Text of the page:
Review Summary: Tim Armstrong delivers a solo album that only Tim Armstrong could love. And maybe a die hard or two that has never heard of The Clash, Sublime, or The Specials. Where oh where is Lars Frederiksen when we really need him....
The Clash are alive and well in 2007, or at least regurgitated add infinitum courtesy one Tim Armstrong. Whether Tim fancies himself the poet of his debut solo album's title, A Poet's Life
, or simply aligns himself with the like, one thing is for sure. And that is this album could use some good 'ol fashion punk rock to liven things up a bit. Poet's, ska, reggae, and steel drums be damned...
Sounding something like Rancid's Life Won't Wait
album without the, well, Rancid, A Poet's Life sounds like a snoozy boat ride along some far off Jamaican coast line. And a repetitive boat ride, at that. Reggae and its sub genres have always been easy going fare for the most part, so it helps if you can inject some soul, color, and diversity into the mix over an entire album. Especially if you're a Bay area white boy and not Bob Marley. Or even Joe Strummer, for that matter.
Unfortunately on A Poet's Life Mr. Armstrong shows not much soul or color, which would help this somewhat bland collection of listless songs and performances lift itself above the mundane to something a bit more spirited and lively. Cuts like the opening Wake Up
and Hold On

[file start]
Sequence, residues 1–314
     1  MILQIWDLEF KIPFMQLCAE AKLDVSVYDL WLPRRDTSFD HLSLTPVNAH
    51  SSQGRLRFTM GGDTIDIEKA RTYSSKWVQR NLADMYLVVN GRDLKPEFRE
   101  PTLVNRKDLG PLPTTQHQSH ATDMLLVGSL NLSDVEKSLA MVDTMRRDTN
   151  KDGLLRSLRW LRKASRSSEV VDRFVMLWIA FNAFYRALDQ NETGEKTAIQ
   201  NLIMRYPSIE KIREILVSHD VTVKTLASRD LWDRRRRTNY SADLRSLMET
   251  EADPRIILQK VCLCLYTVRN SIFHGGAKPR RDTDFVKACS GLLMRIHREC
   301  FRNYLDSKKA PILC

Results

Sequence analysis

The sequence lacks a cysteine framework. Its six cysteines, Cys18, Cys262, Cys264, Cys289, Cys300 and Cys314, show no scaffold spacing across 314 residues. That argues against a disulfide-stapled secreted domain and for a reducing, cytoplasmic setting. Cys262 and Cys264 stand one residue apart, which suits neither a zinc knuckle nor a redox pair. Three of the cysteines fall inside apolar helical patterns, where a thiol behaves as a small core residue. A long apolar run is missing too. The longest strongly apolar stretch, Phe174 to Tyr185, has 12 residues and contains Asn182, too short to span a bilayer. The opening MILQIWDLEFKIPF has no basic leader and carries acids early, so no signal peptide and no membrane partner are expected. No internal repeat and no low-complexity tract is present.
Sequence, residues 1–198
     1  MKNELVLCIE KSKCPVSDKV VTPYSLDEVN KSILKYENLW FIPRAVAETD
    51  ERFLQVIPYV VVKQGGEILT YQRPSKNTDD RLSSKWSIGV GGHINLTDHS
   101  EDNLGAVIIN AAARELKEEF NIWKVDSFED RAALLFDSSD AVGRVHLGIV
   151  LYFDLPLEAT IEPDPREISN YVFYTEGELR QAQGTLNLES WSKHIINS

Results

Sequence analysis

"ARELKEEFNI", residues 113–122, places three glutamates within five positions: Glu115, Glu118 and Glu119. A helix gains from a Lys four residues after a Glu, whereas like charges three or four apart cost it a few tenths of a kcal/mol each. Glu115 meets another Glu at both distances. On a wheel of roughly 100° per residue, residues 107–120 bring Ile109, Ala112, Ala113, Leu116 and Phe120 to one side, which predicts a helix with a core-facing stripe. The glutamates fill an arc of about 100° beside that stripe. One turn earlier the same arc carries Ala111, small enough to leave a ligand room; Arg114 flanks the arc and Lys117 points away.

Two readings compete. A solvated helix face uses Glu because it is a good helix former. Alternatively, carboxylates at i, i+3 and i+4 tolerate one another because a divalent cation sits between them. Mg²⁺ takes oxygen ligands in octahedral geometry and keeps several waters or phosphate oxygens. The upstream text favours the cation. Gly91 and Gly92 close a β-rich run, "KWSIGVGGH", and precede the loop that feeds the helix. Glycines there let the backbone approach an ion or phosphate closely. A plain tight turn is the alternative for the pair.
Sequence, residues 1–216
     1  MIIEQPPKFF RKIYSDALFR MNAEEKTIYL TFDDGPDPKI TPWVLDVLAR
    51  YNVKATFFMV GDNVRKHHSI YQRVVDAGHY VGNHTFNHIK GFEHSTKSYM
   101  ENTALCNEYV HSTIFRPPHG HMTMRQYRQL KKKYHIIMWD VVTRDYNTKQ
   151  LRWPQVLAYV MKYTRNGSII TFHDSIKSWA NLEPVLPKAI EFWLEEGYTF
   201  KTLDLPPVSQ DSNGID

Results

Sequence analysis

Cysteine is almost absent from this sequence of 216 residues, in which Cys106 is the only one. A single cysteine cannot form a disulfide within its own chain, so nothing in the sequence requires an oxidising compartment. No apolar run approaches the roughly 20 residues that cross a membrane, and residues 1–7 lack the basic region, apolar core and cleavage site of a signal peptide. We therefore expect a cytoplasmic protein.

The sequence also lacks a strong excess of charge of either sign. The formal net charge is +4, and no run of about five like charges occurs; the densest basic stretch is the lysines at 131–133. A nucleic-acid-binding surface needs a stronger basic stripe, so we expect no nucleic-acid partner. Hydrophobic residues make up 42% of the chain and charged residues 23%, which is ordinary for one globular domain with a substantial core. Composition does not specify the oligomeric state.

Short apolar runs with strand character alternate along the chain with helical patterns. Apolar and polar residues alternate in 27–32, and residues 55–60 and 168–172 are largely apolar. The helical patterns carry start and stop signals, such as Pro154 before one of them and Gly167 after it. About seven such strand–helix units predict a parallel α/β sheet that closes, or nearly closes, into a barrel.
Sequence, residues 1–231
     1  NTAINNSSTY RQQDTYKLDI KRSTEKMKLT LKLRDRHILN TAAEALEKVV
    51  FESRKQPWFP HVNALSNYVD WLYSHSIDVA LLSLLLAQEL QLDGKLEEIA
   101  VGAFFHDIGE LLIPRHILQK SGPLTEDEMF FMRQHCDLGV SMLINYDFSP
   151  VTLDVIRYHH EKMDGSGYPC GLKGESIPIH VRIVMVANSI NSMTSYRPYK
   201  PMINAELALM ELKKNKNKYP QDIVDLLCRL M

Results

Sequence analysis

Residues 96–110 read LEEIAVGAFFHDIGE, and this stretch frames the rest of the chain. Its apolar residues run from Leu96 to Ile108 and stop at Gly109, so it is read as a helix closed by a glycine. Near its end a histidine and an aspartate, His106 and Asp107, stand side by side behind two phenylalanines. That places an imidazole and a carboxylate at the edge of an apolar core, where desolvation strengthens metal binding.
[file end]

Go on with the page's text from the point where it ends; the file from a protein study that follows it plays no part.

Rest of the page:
may seek to set the tone for a funky, low key affair. But the songs themselves sound too much like Rancid leftovers better left on the cutting room floor then anything fresh or surprising as one might expect from an artist as vibrant as Armstrong on his maiden solo outing. If their was more to this album I would happily tell you. But to say tracks like Translator
, Among The Dead
, and Lady Demeter
, etc, follow the same dreary path for the entire recording is quite enough. Void of any character, originality, and surprisingly any energy, this is great music to nap by. The sole exception to this rule is the fun and irreverent Into Action
that can get even a boring old fart like myself shaking my tail feathers on a dancehall floor. But one exception does not make an album, and this album is no more the better for this all too brief shining moment.
If you are a fan of Rancid you have heard this all before, although not nearly this weak. Tim Armstrong sans band comes up too soft far too often on A Poet's Life, and the album has a sense of sameness and repetition that a little Ruby Soho
, Who Would've Thought
, or even Arrested In Shanghai
style numbers would have fixed up just fine. But unfortunately what we get instead are a handful of formulaic, lackluster ska tunes which make Armstrong sound like he has taken up the ganja and grown out some lazy dreads. And that's a shame for an artist who has done this music very well in the past and usually has the chops to prove it. Not so on A Poet's Life, however, and we're just left wondering where all the passion must have gone? Oh what I wouldn't give for an "oi oi oi" right about now....